When changing wing incidence for roll control, it is important to have equal but opposite deflections on both sides. Otherwise you will add load factors to the results of your roll inputs. If you have some gearing which will couple the movements of the two wing halves, the idea works. But try to avoid a stall; stalling has a high potential to result in an uncommanded roll.
Next, make sure that the lengthwise center of gravity location of each wing is as near to the hinge of the wing as possible. If you have some distance between the two, any roll input will add inertial moments around the hinge. This will make your stick come alive in a rolling maneuver, in unpleasant ways. If the center of gravity is behind the hinge, roll accelerations will cause amplifying moments. Your stick will move into the roll if you accelerate fast enough! Conversely, if the center of gravity is ahead of the hinge, every roll acceleration will be damped by inertial moments around the hinge. Much safer, but will cause more stick forces than necessary to achieve a good roll acceleration.
If the hinge is close to the aerodynamic center of the wing, control forces should be low (except for friction, which might be immense in case of poor design). To move the wing by a servo tab, however, adds one more degree of freedom and is an invitation for flutter. It might work, but is best tried in a second step. Only make sure that the hinge is ahead of the aerodynamic center, or the wing will not return to neutral with zero force on the stick.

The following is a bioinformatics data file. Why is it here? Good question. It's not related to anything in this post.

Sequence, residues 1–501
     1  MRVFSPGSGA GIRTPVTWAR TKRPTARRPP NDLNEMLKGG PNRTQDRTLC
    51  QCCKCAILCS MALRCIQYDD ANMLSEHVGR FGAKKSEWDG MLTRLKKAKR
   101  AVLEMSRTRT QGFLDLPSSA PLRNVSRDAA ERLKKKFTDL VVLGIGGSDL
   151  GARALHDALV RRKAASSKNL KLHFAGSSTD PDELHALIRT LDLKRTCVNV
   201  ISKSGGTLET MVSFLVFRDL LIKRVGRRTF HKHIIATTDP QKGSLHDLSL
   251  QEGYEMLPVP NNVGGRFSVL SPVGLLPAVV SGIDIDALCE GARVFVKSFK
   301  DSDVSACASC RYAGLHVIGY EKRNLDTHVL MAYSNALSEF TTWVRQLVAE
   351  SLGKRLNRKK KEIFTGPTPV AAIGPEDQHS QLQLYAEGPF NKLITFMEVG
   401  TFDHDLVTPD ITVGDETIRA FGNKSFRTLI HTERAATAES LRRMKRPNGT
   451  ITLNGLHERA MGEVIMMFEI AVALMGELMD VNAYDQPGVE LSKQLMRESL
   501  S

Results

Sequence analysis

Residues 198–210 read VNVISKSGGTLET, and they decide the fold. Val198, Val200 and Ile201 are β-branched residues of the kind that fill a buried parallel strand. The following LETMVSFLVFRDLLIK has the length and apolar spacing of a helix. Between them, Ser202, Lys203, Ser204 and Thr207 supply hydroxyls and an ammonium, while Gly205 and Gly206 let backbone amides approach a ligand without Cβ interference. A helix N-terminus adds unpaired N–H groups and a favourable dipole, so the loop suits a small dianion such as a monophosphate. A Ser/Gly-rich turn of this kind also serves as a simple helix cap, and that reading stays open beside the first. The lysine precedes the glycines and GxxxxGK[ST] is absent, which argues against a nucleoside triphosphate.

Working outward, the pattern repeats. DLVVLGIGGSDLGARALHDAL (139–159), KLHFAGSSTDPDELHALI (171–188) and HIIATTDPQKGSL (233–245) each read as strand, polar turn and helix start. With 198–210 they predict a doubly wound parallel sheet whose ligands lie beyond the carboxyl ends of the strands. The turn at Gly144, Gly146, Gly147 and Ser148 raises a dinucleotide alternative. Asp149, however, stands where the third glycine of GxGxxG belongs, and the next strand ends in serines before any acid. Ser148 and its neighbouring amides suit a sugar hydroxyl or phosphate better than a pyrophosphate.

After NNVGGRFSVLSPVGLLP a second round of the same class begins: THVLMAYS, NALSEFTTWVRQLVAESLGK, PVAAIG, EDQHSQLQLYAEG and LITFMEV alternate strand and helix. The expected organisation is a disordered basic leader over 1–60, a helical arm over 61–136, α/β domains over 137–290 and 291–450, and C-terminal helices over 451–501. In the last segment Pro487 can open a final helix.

Unfortunately, a stalled wing has a much lower suction peak at its nose and less pressure recovery in the region of separated flow, so its center of pressure moves back. In an unsymmetrical stall, the stalled wing will pitch down and will pull the unstalled wing into its positive stops, stalling it in the process and resulting in an uncommanded roll input.
Structurally, there is no problem if you use this on a small plane. Many designs have used tubular spars, so use one smaller one which sticks out of the center wing and two bigger ones in the outer wings which will slide over the center tube. Adding two needle bearings on each side with enough spacing should lower friction enough to make the wings move even under load.
Historically, the Akaflieg Berlin 02 "Teufelchen" used a similar way of roll control. The inner wing was conventional, using two box spars and a stiff nose covered with plywood. The outer wing was fully fabric covered and had its ribs movably fitted to a tubular spar. By twisting the outermost rib, the outer wing could be warped for roll control.
Three other aircraft with a fixed center wing and all-moving wingtips were the Granger Archaeopteryx, the Short SB.1 glider and the Short SB.4 Sherpa research aircraft. All were built once only. Please follow the last link for pictures of the control surfaces in action.